Reopening of US-Mexico Border: Challenges and Opportunities for the Biden Administration



Maka Y. Hutson,  Hans Christopher Rickhoff | Texas Lawyer

As the COVID-19 pandemic continues to improve, the U.S. and Mexican governments— and the local authorities in the border communities—are balancing health concerns with reestablishing border security, travel and commerce. Taking into account the broader politics surrounding immigration and the influx of migrants, we discuss specific, measurable policy considerations for reopening the border. Closed Land Border The U.S.-Mexico land border closed to non-essential travel in March 2020 and the closure has been extended every month since. This includes all travel other than work, school and humanitarian circumstances. The land border closure has had a significant negative impact on communities on both sides of the border. Vehicular and foot traffic is down 50-60% compared to pre-pandemic levels, and the border communities who rely on commerce and fees collected at border crossing bridges are particularly impacted.

In one of his earliest executive orders (EO), President Joe Biden directed the secretaries of Health and Human Services, Transportation and Homeland Security and the CDC director to “immediately commence diplomatic outreach to the governments of Canada and Mexico regarding public health protocols for land ports of entry” and to submit to him a plan to implement appropriate public health measures at those ports of entry. This plan should “implement CDC guidelines, consistent with applicable law, and take into account the operational considerations relevant to the different populations who enter the United States by land.” These operational considerations include, among others, the recent surge of border crossings, the construction of the border wall, and the testing and vaccination campaigns in the border communities.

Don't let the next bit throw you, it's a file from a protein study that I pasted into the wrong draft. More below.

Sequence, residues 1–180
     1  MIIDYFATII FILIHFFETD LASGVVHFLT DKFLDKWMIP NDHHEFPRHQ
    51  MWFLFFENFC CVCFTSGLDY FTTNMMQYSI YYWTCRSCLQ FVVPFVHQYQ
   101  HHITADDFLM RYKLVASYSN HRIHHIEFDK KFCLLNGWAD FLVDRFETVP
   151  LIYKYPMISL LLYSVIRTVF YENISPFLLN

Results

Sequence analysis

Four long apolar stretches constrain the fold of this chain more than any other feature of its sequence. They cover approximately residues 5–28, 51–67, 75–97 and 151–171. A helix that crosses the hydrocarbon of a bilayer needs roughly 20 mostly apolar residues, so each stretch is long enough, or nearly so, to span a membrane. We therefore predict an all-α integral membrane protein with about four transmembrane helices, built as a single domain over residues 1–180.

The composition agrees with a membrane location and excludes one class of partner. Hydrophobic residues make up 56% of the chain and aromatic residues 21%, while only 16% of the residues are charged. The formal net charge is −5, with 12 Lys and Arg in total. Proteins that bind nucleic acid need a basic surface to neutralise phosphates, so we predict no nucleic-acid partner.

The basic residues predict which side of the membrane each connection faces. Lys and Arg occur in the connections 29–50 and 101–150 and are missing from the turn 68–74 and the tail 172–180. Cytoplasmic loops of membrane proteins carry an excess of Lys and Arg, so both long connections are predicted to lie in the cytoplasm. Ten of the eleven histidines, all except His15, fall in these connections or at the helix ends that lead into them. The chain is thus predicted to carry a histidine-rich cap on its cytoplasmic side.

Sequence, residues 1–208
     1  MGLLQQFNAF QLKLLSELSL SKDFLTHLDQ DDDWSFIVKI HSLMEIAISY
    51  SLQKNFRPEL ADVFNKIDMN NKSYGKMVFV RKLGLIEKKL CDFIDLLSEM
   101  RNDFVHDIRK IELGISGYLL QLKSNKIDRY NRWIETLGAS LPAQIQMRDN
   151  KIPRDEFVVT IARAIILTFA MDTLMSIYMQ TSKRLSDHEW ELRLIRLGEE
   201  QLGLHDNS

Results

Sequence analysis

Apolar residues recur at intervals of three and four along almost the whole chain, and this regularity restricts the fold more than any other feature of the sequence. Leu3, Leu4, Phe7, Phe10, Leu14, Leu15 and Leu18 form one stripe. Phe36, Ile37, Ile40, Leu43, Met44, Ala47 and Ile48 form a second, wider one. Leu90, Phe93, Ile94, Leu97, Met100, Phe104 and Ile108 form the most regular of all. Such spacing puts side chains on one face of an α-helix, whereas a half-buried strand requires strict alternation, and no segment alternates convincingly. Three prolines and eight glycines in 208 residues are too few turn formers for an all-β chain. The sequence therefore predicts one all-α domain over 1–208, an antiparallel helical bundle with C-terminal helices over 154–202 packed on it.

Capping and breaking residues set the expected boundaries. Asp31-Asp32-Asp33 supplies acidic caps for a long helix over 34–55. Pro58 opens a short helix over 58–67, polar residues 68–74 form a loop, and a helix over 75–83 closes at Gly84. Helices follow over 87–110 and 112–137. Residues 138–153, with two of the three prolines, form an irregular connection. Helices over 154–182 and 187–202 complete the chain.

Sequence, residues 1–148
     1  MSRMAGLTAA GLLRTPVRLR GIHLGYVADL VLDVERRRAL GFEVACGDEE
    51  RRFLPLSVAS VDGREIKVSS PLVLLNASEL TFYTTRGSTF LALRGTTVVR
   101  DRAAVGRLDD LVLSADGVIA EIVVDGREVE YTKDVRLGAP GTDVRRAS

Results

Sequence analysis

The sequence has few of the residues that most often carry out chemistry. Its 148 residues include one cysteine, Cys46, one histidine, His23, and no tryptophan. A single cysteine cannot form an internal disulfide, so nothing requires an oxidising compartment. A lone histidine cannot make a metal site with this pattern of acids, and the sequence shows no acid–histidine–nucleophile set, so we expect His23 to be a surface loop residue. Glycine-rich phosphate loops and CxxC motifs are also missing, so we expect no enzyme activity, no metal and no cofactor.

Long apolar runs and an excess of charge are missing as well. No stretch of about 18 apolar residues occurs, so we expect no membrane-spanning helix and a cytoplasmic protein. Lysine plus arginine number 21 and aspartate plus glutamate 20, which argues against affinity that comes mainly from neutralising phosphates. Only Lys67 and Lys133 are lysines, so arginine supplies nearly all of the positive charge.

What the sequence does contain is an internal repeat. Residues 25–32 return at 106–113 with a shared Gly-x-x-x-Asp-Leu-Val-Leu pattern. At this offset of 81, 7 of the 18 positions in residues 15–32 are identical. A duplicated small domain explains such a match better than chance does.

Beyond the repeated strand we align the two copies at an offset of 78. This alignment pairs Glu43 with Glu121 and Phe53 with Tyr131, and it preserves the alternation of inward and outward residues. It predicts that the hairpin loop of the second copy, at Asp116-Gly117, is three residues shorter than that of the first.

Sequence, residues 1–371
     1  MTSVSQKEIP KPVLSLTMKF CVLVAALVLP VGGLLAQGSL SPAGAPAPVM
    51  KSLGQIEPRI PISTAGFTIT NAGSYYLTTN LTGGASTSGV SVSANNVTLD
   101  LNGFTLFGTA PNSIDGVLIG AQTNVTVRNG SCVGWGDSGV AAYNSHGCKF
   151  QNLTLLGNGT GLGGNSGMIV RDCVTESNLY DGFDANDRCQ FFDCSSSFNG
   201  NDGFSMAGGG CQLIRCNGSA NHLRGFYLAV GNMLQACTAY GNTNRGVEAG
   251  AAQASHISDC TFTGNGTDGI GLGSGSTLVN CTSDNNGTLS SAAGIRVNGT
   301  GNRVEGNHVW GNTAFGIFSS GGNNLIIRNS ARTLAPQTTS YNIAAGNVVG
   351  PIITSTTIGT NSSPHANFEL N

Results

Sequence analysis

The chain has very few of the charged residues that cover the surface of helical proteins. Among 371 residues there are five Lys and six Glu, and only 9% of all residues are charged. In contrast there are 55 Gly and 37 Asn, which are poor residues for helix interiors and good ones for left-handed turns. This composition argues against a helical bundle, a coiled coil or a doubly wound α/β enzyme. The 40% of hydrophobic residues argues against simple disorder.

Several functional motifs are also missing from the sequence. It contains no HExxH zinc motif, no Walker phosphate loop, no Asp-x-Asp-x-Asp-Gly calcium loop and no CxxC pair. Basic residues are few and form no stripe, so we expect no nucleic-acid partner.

The Migrant Protection Protocols (MPP) program—also known as “Remain in Mexico”—was put in place in the early days of the pandemic. Under the program, Central American asylum seekers were required to wait in Mexico while their asylum claims were considered by U.S. immigration courts. This created crowding of asylum seekers in border communities of Mexico, often in temporary housing, furthering the spread of COVID. The Biden administration terminated the MPP program. Small groups are allowed to cross the border every day, and border towns have taken on the responsibility of testing for COVID and contact tracing any positive cases to make sure that the migrants complete their self-quarantine. The situation is exacerbated by a significant surge of unaccompanied minors from Central America and an increase in border apprehensions. The Biden administration has reversed the previous administration’s decision to prevent all border crossings and is allowing unaccompanied minors to enter the U.S. With Customs and Border Protection (CBP) facilities and Health and Human Services shelters beyond capacity, controlling the entry of the large number of migrants at the border will likely be a prerequisite to border reopening, both for political and health-related reasons.

The Biden EO returned to the Department of Defense funding that former President Donald Trump redirected for the border wall. However, the EO that “paused” construction—as well as all real estate acquisition activities—may run counter to congressional appropriation of border wall funding, approximately $2.75 billion. There is ongoing debate if the president has the ability to redirect or “pause” the funds through executive action. Republican members of Congress have expressed concerns with the Biden administration and are pressuring it to maintain funding as appropriated by Congress. Considering the surge of migrants and the need for border security, consultations with local border authorities on how to best utilize the funds allocated to DHS should be a central component of the current debate.